The best-selling ETF since the end of September is iShares MSCI Emerging Markets (NYSEArca: EEM) with over $2 billion of inflows. The developing market ETF has been gobbling up cash after a rival fund managed by Vanguard announced it was dropping its MSCI tracking index.

EEM, which is sponsored by BlackRock (NYSE: BLK), has gathered $2.2 billion since Sept. 30,according to flow data from IndexUniverse.

Since then, Vanguard MSCI Emerging Markets (NYSEArca: VWO) has seen outflows of $728 million. In early October, Vanguard said it planned to transition its international equity ETFs to FTSE indices as it drops MSCI (NYSE: MSCI) benchmarks. The move will allow Vanguard to lower ETF expense ratios due to cheaper index licensing fees. [Vanguard Index Change Sets Emerging Market ETF Showdown]

Some fund managers benchmarked to MSCI indices have expressed reservations about the index swap, the Financial Times reports. Others are concerned the move may lead to negative tax consequences and costs.

Vanguard points out that its emerging market fund, VWO, offers cost savings for investors and advisors. VWO has an expense ratio of 0.2% compared with 0.67% for the iShares ETF. BlackRock recently launched iShares Core MSCI Emerging Markets ETF (NYSEArca: IEMG), which has an expense ratio of 0.18%. [Emerging Market ETF Battle: Vanguard vs. iShares]

Vanguard thinks the FTSE indices offer broad exposure to international markets, and expects long-term licensing arrangements with FTSE will enable it to deliver considerable expense saving over time. [Vanguard Emerging Market ETF Index Switch: What Investors Should Know]

“At the same time, we understand that for some investors this change may be problematic. FTSE classifies South Korea as a developed market, while MSCI classifies it as an emerging market,” says Fran Kinniry, a principal in Vanguard Investment Strategy Group. “It’s a dilemma that’s led some investors to reevaluate their holding of Vanguard Emerging Markets Stock Index Fund and ETF (VWO).” [Doing the Math on International ETFs]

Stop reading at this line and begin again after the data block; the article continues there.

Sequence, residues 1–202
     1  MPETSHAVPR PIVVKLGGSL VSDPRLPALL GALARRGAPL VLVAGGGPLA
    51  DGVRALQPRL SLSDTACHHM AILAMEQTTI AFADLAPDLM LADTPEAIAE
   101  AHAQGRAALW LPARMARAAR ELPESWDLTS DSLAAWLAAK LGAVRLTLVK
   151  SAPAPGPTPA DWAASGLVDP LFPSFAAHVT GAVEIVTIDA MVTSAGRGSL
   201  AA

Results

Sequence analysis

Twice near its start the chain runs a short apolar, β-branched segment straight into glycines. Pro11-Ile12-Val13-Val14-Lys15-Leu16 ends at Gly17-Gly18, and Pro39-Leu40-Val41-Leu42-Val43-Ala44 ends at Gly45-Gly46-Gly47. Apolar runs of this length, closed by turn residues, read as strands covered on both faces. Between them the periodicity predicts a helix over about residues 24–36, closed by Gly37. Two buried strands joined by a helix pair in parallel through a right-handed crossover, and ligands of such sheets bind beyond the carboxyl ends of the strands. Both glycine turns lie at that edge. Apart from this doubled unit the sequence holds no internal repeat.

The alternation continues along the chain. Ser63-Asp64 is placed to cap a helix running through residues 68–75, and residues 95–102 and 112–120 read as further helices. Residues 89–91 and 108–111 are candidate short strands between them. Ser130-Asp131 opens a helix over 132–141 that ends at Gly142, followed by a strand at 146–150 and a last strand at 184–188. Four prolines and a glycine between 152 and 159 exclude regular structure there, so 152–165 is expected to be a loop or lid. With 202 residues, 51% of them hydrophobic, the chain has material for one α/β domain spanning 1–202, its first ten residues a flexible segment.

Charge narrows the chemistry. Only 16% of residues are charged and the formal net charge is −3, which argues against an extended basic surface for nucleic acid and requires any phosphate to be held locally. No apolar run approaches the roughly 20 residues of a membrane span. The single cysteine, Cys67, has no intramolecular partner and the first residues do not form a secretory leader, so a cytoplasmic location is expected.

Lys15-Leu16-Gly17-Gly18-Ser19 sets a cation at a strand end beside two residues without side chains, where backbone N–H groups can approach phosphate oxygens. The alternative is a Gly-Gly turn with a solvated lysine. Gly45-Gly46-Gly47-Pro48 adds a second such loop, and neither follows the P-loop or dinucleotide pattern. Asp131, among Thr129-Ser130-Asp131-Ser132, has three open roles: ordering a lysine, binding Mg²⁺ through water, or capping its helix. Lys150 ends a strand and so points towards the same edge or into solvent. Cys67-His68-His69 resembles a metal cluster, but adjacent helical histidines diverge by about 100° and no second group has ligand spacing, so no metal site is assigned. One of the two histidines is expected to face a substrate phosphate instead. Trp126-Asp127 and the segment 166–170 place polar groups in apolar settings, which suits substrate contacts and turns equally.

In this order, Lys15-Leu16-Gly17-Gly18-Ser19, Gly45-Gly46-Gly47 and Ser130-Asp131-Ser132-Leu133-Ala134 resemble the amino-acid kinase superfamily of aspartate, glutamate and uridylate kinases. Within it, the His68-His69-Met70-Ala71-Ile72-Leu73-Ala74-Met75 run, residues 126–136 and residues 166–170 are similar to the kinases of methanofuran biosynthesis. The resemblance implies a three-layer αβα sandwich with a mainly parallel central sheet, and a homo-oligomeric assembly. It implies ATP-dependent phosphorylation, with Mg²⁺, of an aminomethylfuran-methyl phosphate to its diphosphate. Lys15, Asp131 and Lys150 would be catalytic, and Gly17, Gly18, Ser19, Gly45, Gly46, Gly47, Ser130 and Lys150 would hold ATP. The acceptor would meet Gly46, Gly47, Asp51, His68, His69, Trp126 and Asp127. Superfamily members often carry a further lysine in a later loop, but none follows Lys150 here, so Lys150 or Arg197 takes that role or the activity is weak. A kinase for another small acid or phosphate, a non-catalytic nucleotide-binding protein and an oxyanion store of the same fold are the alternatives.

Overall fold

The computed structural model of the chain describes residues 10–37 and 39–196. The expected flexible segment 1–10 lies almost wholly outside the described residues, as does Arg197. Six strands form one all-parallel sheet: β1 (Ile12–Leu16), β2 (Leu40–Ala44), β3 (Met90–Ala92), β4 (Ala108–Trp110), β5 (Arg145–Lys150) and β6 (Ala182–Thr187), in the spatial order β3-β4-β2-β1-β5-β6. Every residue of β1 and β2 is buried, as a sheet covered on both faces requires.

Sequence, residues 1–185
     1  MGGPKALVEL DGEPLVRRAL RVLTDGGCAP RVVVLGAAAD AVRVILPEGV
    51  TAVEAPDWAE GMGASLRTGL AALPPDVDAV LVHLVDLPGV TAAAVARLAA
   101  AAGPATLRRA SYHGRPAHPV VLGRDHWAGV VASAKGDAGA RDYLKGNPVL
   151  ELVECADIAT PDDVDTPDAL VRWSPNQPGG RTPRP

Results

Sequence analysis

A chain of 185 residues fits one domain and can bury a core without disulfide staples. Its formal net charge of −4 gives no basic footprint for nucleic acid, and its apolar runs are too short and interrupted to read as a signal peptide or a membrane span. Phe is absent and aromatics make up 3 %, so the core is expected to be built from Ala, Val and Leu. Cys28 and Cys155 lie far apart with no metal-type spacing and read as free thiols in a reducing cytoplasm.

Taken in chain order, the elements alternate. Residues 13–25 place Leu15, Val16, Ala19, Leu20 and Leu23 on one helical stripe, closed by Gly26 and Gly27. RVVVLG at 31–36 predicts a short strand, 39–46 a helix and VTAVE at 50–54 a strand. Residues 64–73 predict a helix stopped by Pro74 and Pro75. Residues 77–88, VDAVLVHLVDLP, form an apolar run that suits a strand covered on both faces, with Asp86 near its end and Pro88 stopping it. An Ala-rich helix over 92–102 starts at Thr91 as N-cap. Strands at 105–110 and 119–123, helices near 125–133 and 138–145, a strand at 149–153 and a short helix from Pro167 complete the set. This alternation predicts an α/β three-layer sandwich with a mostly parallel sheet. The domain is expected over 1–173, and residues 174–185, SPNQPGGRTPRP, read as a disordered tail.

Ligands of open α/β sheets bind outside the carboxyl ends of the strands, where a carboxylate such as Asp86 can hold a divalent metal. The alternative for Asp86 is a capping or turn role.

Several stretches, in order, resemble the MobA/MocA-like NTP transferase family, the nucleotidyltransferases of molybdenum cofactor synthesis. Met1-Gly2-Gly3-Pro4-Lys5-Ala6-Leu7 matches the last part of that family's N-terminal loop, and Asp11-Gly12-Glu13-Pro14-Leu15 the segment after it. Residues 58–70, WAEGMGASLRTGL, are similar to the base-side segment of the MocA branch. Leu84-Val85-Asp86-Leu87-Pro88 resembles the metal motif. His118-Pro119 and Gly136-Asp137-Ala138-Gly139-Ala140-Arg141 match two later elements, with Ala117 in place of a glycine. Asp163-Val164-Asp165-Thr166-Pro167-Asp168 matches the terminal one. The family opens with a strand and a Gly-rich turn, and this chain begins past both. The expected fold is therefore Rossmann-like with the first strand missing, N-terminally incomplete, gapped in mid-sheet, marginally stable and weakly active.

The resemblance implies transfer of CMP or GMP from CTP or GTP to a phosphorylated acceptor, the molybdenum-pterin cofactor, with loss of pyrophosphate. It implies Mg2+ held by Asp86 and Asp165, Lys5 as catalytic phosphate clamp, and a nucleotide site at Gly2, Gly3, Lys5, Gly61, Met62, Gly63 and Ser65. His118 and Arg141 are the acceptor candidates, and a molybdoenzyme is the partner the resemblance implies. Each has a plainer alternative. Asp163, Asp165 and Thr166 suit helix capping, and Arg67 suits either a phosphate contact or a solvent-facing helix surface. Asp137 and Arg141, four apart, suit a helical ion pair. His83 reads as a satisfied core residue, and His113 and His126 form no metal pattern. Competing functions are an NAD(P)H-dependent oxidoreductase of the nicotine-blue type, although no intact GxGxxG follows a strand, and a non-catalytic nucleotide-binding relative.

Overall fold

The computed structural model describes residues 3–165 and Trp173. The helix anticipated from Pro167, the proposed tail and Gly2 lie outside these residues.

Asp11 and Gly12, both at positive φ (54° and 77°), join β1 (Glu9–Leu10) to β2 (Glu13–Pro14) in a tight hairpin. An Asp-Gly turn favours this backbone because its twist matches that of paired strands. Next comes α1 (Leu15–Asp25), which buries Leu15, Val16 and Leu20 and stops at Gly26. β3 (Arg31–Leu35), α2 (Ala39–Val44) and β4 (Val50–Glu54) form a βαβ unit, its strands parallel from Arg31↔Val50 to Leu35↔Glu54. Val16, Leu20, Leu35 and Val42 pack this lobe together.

In the FT story, Kinniry said Vanguard anticipated inflows might slow in the short term but believed the index switch would benefit investors over the long run. “The switch will solidify our cost leadership in indexing over the next decade and beyond,” he said in the report.

Dan Caplinger at the Motley Fool on Wednesday reported the Vanguard index change has created a controversial situation.

“After creating a huge success with its Vanguard MSCI Emerging Markets ETF (VWO), the company decided to make a money-saving move that has some of its biggest customers crying foul — and putting their money where their mouths are,” he writes.

“Vanguard is doing what it can to protect its shareholders by not disclosing exactly when the changes will start taking place,” Caplinger added. “But the more important question facing the fund is whether the move will cause a massive shareholder defection. After having worked so hard to dethrone the iShares emerging market ETF, Vanguard certainly doesn’t want to give back the title.”

Full disclosure: Tom Lydon’s clients own EEM.

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